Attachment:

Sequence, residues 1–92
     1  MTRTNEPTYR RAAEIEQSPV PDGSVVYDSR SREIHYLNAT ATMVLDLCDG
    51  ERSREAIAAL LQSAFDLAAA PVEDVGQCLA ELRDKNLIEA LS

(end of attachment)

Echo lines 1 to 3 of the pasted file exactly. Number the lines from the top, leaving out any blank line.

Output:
Sequence, residues 1–92
     1  MTRTNEPTYR RAAEIEQSPV PDGSVVYDSR SREIHYLNAT ATMVLDLCDG
    51  ERSREAIAAL LQSAFDLAAA PVEDVGQCLA ELRDKNLIEA LS